The chief executive of Virgin Money has used a post-results slide in its stock market valuation to top up her shareholding in the challenger bank.
Sky News has learnt that Jayne-Anne Gadhia acquired approximately £100,000-worth of Virgin Money shares as they fell almost 9% during Tuesday’s trading session.
The purchase will be disclosed to the market later this week, according to a person close to the bank.
Ms Gadhia’s decision to buy more shares in the company reflects her confidence in its prospects despite the City apparently taking fright at a modest reduction in Virgin Money’s core equity tier-one capital ratio outlined in its half-year results.
The shares were sent tumbling to close at 279.6p, below the 283p level at which the bank’s initial public offering took place in November 2014.
Analysts at Bank of America Merrill Lynch described Virgin Money’s capital position as “strong” and said the selloff had been overdone.
“The post-results share price reaction of Virgin Money is surprising,” they said.
“It appears the market is worrying about a lower CET1 ratio and a slight dip in [net interest margin] guidance.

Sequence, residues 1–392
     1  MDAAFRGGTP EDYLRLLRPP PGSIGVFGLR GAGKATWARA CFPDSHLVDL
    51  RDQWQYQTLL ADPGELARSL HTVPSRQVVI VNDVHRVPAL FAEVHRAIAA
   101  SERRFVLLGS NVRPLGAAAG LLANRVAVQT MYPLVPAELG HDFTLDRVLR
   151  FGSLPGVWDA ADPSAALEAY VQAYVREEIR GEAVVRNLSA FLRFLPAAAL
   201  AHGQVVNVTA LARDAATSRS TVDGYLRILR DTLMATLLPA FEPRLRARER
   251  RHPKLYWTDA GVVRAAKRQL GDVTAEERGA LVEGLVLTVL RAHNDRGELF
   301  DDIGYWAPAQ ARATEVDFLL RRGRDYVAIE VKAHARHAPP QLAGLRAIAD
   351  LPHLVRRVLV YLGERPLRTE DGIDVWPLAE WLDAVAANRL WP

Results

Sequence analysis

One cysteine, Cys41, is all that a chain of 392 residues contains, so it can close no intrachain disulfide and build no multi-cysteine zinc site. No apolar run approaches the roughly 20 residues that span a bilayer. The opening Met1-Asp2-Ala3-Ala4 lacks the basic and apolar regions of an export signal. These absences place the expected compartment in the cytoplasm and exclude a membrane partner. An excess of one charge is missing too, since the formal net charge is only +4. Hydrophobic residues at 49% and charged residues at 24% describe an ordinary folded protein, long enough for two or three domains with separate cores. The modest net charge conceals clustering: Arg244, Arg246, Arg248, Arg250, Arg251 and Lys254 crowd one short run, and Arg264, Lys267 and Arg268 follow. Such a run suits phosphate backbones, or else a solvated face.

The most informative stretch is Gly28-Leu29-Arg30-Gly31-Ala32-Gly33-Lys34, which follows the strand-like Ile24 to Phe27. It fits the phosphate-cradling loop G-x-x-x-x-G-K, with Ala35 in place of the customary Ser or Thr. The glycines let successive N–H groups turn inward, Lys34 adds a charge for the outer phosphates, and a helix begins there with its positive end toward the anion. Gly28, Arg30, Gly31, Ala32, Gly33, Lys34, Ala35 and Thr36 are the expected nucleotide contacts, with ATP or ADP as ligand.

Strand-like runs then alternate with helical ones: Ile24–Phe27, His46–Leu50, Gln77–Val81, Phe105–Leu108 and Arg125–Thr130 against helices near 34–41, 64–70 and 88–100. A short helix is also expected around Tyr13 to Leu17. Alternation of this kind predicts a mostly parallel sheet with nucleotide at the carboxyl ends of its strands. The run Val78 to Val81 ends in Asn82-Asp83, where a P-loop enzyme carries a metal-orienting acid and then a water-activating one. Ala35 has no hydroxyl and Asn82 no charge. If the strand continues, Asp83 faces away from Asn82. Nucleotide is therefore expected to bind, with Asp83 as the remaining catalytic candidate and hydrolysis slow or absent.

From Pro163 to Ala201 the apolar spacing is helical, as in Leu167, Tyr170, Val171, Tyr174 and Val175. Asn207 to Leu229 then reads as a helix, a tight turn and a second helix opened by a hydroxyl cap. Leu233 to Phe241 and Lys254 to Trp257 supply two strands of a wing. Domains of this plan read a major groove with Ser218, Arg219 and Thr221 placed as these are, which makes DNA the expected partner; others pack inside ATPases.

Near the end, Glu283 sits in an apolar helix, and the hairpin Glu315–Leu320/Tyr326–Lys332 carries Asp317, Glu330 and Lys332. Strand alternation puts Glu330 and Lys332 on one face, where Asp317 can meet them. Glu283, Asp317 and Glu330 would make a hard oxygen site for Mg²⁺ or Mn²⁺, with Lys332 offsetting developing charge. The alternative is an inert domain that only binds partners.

“We think concerns are overdone.”
Analysts at Goodbody took a different view, saying they were “negative on Virgin Money due to potential risks to income and credit card losses in the cards book”.
Virgin Money appeared to shrug off wider concerns about the UK’s economic prospects after Brexit, although it did acknowledge areas of growing weakness in some parts of the housing market.
Nevertheless, it painted an upbeat picture as it reported statutory pre-tax profits up 32% to £124m in the first half of the year.
Ms Gadhia also pointed to the discipline with which she said lending decisions were being made at the bank, with 8% less credit card lending than in the previous year.
“The momentum of the business demonstrates the strength of our strategy and the focus we have on serving our customers,” the bank’s chief executive insisted.
Relative to her basic pay, Ms Gadhia already owns a higher percentage of her company’s shares than most of her peers.
Prior to Tuesday’s purchase, she held nearly 2m shares in Virgin Money, equivalent to more than 770% of her salary, according to public disclosures.
The company requires executive directors to hold at least double their salary in the form of the bank’s shares.
A Virgin Money spokesman declined to comment.